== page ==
Latest papers in fluid mechanics
Author(s): K. Kato, T. Kawata, P. H. Alfredsson, and R. J. Lingwood
Experiments show that crossflow vortices in the boundary layer on a rotating wide cone start to meander before breakdown. The structural development of the overturning process of these vortices, where high-momentum upwelling of the vortices leads to transition to turbulence, is described in detail.
[Phys. Rev. Fluids 4, 053903] Published Thu May 30, 2019
Coexistence of multiple long-time solutions for two-dimensional laminar flow past a linearly sprung circular cylinder with a rotational nonlinear energy sink
Author(s): Antoine B. Blanchard, Lawrence A. Bergman, Alexander F. Vakakis, and Arne J. Pearlstein
Phase diagram showing the variation of the number of long-time solutions with Re and a dimensionless measure of spring stiffness. Each combination of symbol shape and color indicates a different set of such solutions, with the pentagons corresponding to three unsteady solutions and one steady one.
[Phys. Rev. Fluids 4, 054401] Published Thu May 30, 2019
Author(s): F. Laadhari
A refinement of the logarithmic law for the mean velocity in canonical wall-bounded turbulent flows is presented. The relevant length scale in the overlap region is found to be based on the weighted mean velocity gradient instead of the classical length scale based on the wall friction velocity.
[Phys. Rev. Fluids 4, 054605] Published Thu May 30, 2019
Publisher’s Note: “An experimental study on the effect of swirl number on pollutant formation in propane bluff-body stabilized swirl diffusion flames” [Phys. Fluids 31, 055105 (2019)]
From kinetic molecular theory, we can attribute the rheological behaviors of polymeric liquids to macromolecular orientation. The simplest model to capture the orientation of macromolecules is the rigid dumbbell. For a suspension of rigid dumbbells, subject to any shear flow, for instance, we must first solve the diffusion equation for the orientation distribution function. From this distribution, we then calculate the first and second normal stress differences. To get reasonable results for the normal stress differences in steady shear flow, one must account for hydrodynamic interaction between the dumbbell beads. However, for the power series expansions for these normal stress differences, three series arise. The coefficients for two of these series, (ck, dk), are not known, not even approximately, beyond the second power of the shear rate. Analytical work on many viscoelastic material functions in shear flow must be checked for consistency, in their steady shear flow limits, against these normal stress difference power series expansions. For instance, for large-amplitude oscillatory shear flow, we must recover the power series expansions in the limits of low frequency. In this work, for (ck, dk), we arrive at the exact expressions for the first 18 of these coefficients.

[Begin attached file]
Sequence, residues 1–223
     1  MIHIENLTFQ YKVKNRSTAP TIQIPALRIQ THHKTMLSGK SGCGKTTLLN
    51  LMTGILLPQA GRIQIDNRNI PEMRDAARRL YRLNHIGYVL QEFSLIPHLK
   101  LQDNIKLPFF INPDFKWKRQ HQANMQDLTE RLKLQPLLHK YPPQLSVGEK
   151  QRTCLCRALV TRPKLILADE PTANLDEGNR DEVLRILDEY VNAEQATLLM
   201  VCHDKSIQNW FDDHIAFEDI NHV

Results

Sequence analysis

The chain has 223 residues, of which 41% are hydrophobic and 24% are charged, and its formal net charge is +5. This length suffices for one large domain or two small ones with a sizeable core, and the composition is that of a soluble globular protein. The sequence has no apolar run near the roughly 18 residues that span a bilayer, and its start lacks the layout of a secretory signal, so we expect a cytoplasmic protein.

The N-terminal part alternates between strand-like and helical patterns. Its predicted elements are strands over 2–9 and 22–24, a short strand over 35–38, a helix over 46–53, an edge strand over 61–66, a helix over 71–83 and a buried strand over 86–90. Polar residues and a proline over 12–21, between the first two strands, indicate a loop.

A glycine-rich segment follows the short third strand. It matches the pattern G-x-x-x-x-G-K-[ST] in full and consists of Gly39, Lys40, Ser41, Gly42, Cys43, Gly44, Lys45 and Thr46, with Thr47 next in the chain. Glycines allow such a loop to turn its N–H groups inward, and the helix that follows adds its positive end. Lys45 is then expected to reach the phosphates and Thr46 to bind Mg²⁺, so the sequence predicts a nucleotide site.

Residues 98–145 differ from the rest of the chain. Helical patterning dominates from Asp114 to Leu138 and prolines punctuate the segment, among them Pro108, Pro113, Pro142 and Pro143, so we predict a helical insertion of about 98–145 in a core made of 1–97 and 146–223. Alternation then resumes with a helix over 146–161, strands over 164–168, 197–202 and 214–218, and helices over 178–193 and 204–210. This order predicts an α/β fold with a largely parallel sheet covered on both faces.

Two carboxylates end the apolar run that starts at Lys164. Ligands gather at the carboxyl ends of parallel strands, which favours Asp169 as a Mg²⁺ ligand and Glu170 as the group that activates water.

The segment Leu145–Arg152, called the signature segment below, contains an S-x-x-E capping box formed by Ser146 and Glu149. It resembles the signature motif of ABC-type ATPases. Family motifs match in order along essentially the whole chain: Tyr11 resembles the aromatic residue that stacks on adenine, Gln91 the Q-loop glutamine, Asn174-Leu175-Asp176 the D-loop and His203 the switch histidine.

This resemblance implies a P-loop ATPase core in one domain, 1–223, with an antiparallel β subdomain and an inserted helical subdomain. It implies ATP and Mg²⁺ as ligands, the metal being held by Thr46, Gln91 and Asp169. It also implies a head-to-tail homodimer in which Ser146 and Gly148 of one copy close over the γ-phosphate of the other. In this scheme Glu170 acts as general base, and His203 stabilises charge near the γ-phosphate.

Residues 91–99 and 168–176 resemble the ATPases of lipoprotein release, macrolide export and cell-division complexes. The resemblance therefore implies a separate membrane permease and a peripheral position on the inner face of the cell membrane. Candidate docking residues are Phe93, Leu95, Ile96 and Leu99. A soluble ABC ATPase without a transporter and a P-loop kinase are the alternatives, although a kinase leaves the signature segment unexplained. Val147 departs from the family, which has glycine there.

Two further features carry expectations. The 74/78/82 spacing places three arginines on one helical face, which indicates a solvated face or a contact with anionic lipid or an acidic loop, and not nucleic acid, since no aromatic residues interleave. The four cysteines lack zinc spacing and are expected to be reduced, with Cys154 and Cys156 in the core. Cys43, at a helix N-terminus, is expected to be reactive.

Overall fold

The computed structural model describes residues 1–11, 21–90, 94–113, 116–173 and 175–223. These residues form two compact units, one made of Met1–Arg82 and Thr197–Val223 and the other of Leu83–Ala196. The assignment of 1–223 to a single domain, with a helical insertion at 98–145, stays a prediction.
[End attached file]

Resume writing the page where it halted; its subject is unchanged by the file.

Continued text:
The effect of internal-kinetic energy exchange on transient spectral energy transfer in compressible turbulence is investigated. We derive the spectral evolution equations for kinetic energy and pressure fields to highlight the key mechanisms that affect the turbulence spectral evolution. Direct numerical simulations of decaying isotropic turbulence are performed from solenoidal, dilatational, and mixed velocity initial conditions. It is shown that internal-kinetic energy exchange arising due to pressure-dilatation renders the dilatational kinetic energy amplitudes at large scales of motion to be oscillatory. The oscillatory behavior of amplitude diminishes with increasing wavenumber. The dilatational energy spectrum also exhibits a wider range of scales due to its inherent tendency to form shocks. The findings are expected to lead to an improved understanding of energy dynamics in high-speed compressible flows.
Following our previous work [Kumar et al., “Fluidic injectors for supersonic jet control,” Phys. Fluids 30(12), 126101 (2018)], we experimentally investigate the effect of fluidic injection on the mixing enhancement of a Mach 2.0 jet. The mass flow rate ratio Cm of the injectors to that of the main jet and the expansion ratio pe/pa (where pe and pa are the nozzle exit and atmospheric pressures, respectively) to understand the mixing capability at design and off-design conditions are examined in detail. Extensive Pitot pressure measurements are performed along the jet centerline, and the jet stream has been visualized using the shadowgraph technique in the orthogonal planes of the manipulated jet. The mixing capability of the manipulated jet quantified based on the reduction in supersonic core length [math] exhibits a strong dependence on Cm and pe/pa. Empirical scaling analysis of the jet control reveals that the relationship [math] = f1(Cm, pe, pa, D, d) may be reduced to [math] = f2(ξ), where f1 and f2 are different functions and the scaling factor ξ = [math], where MR is the momentum ratio of the injector to the main jet, D and d are the nozzle exit diameter and the injector exit diameter, respectively. The scaling parameter [math] = f2(ξ) provides important insights into the jet control physics.